A new poll from Latino Decisions confirms what many political analysts and establishment figures in the Republican Party from Karl Rove to the Koch brothers have long argued — there will be no GOP presidential victory in 2016 if the party screws up immigration reform. For anyone not in the thralls of toxic right-wing ideology on the issue, it is clear that Republicans need to do better with Latino voters. They don’t need to win this group outright to be competitive, they just need to improve their standing from the disastrous showing in 2012. As Matt Barreto argues for Latino Decisions:
In 2012 Barack Obama defeated Mitt Romney by 4.96 million votes, and according to Latino Decisions analysis of the election returns and Latino voting data, Latinos provided Obama with a 5.8 million vote margin. If the Republicans could have won 40% of the Latino vote in 2012 that would have erased 3.6 million net votes — or 72% of the 4.96 million they lost by. Republican don’t need to win the Latino vote outright, they just need to stop losing it so badly… In 2004, George W. Bush won around 40% of the Latino vote and was able to carry states with large and growing Latino electorates like New Mexico, Nevada, Colorado, Florida and Virginia — all states that Obama won in 2008 and again in 2012. The polling data today suggests Rubio most of all, but Jeb Bush and Paul Ryan as well, can equal or eclipse the 40% mark among Latinos if they provide leadership on immigration reform to get a bill signed into law. However they remain far from the 40% mark right now.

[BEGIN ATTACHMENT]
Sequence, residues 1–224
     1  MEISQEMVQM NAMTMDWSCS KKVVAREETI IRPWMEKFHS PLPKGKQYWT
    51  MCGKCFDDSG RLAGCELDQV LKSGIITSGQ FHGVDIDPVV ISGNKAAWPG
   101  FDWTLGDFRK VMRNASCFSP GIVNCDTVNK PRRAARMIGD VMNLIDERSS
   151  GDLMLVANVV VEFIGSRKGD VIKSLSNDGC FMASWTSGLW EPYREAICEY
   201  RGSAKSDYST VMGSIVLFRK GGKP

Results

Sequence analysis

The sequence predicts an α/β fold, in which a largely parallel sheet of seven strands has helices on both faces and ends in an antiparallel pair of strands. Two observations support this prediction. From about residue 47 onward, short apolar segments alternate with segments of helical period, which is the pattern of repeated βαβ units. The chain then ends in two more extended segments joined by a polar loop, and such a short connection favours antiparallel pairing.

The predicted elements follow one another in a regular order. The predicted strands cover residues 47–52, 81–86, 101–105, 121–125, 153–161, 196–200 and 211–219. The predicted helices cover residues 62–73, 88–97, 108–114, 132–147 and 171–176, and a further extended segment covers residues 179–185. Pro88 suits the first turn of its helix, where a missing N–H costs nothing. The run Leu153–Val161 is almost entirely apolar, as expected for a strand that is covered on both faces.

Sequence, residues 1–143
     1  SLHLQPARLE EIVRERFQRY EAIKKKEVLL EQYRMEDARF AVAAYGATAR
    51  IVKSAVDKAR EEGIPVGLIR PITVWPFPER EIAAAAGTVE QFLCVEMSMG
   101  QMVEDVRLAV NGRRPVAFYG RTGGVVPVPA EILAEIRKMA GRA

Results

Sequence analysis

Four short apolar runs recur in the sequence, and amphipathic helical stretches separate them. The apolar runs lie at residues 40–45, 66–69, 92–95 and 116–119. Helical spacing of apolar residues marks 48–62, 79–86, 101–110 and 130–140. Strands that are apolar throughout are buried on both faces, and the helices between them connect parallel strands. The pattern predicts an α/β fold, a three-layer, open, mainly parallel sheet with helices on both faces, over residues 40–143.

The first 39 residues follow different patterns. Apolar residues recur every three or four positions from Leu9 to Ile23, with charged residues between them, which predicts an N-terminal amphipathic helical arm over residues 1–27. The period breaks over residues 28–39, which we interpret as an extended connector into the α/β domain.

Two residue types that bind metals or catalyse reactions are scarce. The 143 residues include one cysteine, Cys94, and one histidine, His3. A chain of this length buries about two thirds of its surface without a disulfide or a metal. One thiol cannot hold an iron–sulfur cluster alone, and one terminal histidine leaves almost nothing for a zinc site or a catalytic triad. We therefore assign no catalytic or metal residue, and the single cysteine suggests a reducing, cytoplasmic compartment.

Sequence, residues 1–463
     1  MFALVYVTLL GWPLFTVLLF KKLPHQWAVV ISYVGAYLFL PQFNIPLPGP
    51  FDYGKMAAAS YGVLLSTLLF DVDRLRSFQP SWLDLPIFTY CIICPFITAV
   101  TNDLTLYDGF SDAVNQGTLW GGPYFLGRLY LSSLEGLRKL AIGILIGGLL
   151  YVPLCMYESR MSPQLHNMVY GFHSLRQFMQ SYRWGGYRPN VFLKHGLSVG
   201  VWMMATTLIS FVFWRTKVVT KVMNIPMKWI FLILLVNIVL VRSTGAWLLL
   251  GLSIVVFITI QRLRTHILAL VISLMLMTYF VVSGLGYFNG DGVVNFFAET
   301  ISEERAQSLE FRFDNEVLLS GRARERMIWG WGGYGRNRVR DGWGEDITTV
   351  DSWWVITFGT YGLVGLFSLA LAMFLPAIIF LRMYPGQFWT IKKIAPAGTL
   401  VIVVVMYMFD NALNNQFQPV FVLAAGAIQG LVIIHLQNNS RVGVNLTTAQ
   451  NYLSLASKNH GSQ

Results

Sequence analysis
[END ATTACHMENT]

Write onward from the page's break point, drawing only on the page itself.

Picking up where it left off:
The GOP can’t have it both ways on this issue, claiming to have made progress in the Senate and then pandering to the nativist base in the House. As the survey highlights, Latino voters will not give Republicans credit for getting the job half done. “Latino voters expect to see the GOP successfully move immigration reform and send a true compromise bill to the President. When asked who they would support if the 2016 presidential election were today, no more than 28% supported Rubio, no more than 25% supported Ryan, and no more than 30% supported Bush. On the Democratic side Hillary Clinton is the runaway favorite among Latinos, and would take anywhere from 66% to 74% of the Latino vote if the election were today.” Here is the current presidential landscape among Latino voters based on this latest research:
Right now, the GOP-controlled House and senior “strategists” arguing for a renewed whites-above-all electoral approach are doing everything possible to ignore what common-sense and mounds of data tell us about the state of national politics. Democrats may be giddy at this prospect but it would be far better for millions of undocumented immigrants and the future of the country if the GOP could see through its ideological fog to better align necessary policy change with clear self-interest.